Sunday, June 6, 2010

Peas, strawberries, and RASPBERRIES!

Sugar peas and pod peas are actually on their way out, after that hot, hot sunny weather we had in Philly the last few weeks (it's finally cooling off tonight, but it's too late for my peas, I'd guess).  But I was really pleased this year with my pea success.  The kids would pick sugar peas on the way to or from the car (since they're growing along the fence in the front) and we'd eat them raw in the car or for a lunch addition.  But the last two weeks my kids have really been excited by the pod peas.  Those we grew on the back fence behind the house, and if my mom hadn't stood up for them I was actually in favor of ripping them out for more tomato space.  I'm so glad I gave them a chance, my kids were ecstatic to pop them open and pull the peas out (partly because they were so sweet, I'm sure). 

Strawberries have been averaging about a quart a week from our plants (which translates to about $7 worth in Philly).  And now the really exciting development is the raspberries ripening.  I thought they'd be a July crop for some reason, but here we go!  I put 2 or 3 in everyone's granola yesterday, but today I decided to save them.  When we get a pint (or at least half of one) I promised the kids what I consider to be the ultimate dessert: black raspberries on vanilla ice cream.  It's the only way to eat them, as far as I'm concerned (though I've never complained about eating the jelly or pie made from them either).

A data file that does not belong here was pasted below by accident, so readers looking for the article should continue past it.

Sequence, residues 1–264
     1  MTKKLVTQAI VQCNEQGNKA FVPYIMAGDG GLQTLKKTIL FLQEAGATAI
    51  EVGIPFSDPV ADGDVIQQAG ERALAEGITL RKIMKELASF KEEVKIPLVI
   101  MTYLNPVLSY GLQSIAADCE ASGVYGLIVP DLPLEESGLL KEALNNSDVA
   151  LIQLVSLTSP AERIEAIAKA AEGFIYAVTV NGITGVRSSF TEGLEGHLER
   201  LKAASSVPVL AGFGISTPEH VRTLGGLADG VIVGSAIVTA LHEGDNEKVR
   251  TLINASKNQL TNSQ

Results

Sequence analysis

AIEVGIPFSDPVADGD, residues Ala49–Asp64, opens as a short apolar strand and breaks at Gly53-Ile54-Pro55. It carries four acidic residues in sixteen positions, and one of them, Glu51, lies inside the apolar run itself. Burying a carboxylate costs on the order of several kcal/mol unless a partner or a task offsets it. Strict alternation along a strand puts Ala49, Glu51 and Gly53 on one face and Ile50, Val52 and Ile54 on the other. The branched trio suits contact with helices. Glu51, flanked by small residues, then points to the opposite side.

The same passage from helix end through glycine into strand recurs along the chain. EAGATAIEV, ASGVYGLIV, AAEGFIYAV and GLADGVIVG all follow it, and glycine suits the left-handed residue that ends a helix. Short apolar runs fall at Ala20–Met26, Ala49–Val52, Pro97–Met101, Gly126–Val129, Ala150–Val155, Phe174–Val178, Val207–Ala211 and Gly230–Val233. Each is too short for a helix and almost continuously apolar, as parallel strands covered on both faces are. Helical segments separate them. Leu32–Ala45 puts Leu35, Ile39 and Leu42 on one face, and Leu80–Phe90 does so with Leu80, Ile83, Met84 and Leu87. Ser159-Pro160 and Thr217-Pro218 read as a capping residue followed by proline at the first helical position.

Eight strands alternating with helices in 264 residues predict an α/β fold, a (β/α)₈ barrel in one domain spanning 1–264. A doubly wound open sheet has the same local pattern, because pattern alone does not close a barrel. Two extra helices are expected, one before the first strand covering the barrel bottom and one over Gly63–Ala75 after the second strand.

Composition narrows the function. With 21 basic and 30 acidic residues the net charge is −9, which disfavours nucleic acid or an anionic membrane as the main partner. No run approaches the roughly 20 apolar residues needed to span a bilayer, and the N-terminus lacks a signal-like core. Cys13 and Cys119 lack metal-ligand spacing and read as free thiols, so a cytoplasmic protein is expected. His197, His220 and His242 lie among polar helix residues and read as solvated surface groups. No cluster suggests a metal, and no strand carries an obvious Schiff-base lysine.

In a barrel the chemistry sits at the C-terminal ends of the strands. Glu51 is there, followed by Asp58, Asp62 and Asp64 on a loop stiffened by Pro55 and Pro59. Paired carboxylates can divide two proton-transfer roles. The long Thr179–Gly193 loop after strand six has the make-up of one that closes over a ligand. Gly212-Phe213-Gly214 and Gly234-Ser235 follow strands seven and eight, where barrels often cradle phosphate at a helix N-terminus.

I don't know if I can properly express my excitement and thankfulness to be able to produce real crops that actually affect our family's diet a little (especially some of these more expensive items: pod peas and strawberries were selling for $7 a quart at the farmer's market this weekend, black raspberries will likely sell for $5 a pint if they have them at all, and after our major construction needed in our basement due to water and termite damage, we need to cut corners where we can).  I think our strawberry crop would have been substantially higher had I not inadvertantly planted their enemy crop, arugula, around about a third of my plants.  I searched online after both plants were so stunted and yellow that I suspected I had found enemy crops.  Next year I will not make that mistake. 

Tomatoes are forming on my plants, so they should start coming a little bit before Baby Davis #3 arrives.  That will save us a fortune.  Ever since I read about BPA in cans of tomatoes I've felt like I should buy fresh, and anyone who reads my blog will know I feel like I have to get local ones, so I've been buying these early expensive ones to tide us over until mine are ready.  Why do I feel like tomatoes are essential for about half of what I make?  And how much better are sandwiches with a good old slice of ripe red tomato?  Oh boy, am I ever ready for ours to ripen!

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